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Tom Stehn's Report: Something to Celebrate!
Feb. 25, 2011
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A new record set!

As you read Tom's report this week . . .
  1. What discovery did Tom make at Aransas NWR when he flew his Feb. 11 census survey?
  2. What and when was the previous high population for this flock?
  3. What age is the flock's oldest crane?

Dear Journey North Kids,

Great News from Aransas NWR
The Aransas/Wood Buffalo population has set a record! On my February 11 flight over the refuge, I counted 238 adults and 42 juveniles = 280 total whooping cranes. With the addition of a confirmed report on February 8th of a single whooping crane in north Texas, the flock size is now estimated at 281. This breaks the previous high of 270 reached in the fall of 2008. The flock of 281 consists of 236 white-plumaged adults and 45 juveniles.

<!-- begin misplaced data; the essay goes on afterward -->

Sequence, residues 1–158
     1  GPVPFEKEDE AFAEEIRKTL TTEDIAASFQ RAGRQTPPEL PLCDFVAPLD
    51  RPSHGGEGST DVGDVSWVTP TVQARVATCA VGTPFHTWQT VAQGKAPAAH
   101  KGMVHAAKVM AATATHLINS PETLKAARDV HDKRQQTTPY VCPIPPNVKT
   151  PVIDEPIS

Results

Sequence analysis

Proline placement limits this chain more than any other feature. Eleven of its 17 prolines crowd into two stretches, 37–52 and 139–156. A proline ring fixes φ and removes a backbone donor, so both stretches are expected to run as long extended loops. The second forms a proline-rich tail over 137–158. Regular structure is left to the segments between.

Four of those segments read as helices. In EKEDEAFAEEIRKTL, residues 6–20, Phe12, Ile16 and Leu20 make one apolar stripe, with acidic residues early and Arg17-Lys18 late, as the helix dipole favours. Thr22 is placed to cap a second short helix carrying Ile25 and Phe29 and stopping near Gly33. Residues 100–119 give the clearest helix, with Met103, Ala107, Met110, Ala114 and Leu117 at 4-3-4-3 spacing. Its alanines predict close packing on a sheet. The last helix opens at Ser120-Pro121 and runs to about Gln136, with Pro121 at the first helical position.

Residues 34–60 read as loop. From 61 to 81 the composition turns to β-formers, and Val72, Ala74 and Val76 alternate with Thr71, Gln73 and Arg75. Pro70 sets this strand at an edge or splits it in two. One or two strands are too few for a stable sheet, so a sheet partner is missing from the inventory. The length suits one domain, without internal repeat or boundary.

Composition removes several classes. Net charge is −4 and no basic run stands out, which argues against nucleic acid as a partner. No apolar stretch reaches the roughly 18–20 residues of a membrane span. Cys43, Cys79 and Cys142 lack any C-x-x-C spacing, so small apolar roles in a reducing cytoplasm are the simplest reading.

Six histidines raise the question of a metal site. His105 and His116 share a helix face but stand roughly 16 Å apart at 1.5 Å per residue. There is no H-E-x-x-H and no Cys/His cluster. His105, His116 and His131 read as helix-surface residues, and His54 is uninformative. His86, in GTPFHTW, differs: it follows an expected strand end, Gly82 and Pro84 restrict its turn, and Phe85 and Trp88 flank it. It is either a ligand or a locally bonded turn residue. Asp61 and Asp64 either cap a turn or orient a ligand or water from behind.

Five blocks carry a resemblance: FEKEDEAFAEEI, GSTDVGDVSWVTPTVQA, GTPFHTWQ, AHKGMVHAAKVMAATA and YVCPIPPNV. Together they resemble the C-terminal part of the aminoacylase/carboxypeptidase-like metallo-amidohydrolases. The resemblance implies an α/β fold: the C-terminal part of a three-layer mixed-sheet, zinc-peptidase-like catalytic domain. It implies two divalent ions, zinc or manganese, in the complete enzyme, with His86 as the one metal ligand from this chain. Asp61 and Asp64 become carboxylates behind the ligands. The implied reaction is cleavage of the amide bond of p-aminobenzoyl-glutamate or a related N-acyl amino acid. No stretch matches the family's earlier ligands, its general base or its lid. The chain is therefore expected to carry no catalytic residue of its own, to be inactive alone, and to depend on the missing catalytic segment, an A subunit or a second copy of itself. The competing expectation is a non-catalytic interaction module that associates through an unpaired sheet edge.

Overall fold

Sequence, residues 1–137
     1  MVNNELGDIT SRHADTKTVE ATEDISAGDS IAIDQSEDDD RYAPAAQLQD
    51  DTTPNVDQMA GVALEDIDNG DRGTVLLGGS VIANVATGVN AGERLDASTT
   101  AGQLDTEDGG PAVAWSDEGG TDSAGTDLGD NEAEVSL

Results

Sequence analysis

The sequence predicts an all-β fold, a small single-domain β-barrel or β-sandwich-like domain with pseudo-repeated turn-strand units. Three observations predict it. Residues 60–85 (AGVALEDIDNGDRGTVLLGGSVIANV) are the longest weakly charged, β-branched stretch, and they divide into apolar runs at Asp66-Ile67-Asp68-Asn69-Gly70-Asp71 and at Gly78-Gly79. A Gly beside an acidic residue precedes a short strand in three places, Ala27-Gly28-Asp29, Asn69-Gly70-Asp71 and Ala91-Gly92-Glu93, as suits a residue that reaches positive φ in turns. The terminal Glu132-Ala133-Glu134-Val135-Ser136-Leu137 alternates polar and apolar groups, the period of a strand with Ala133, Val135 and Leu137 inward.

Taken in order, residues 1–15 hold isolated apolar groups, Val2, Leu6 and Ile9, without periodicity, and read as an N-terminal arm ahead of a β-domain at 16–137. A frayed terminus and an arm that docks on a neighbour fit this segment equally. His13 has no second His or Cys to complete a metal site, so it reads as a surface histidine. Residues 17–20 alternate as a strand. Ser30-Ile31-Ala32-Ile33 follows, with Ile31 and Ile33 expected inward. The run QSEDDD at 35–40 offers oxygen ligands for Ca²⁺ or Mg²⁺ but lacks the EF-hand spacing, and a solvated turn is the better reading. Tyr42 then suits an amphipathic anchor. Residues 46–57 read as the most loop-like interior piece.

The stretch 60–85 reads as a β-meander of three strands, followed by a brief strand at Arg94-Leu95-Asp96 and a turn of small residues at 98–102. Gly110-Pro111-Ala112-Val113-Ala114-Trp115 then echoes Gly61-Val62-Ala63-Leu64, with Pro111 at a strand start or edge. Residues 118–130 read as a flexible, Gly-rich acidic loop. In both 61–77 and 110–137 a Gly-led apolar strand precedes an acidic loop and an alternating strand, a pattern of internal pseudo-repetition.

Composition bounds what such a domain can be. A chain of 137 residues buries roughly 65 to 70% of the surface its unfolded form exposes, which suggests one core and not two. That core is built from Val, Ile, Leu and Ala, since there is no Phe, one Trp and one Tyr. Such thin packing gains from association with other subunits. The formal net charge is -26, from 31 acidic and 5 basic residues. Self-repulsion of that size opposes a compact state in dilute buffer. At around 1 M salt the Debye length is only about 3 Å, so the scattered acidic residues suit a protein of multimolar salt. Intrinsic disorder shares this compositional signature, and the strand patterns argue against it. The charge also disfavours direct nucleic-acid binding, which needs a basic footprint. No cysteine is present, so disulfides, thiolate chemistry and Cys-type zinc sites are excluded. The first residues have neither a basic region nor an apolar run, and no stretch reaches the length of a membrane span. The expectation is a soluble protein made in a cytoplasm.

The Aransas/Wood Buffalo flock is the only naturally occurring wild migratory population of Whoopin cranes in the whole world, and this entire flock was down to only 15 birds in 1941. That means every one alive today is a descendent of those 15. Every whooper alive today either hatched at the Canadian nesting grounds OR is a descendant of a whooper that hatched there. Check out the table to see the progress from 1940 to the current winter.

Annual Crab Trab Hunt Helps Cranes
Volunteers in airboats are searching coastal waters here to find and remove abandoned crab traps for the 10th year. So far we have removed 27,562 traps coastwide, and 100 at Aransas! We'll continue until February 28. On page 6 of this slideshow about last year's pickup, you can see how many traps were picked up in years 2002 through 2010. Sharpen your pencil and add them up. How do you think we'll do in 2011?

Meet an Extraordinary Crane

Last time I said I'd introduce you to some of the amazing cranes that return here year after year. We'll start with the story of our oldest wild Whooping crane of a known age. Just how old is he? What makes him so remarkable? The Lobstick Male: Crane Extraordinaire is his story— and I think you'll like it!

 

Tom Stehn
Aransas National Wildlife Refuge
Austwell, Texas

 


 

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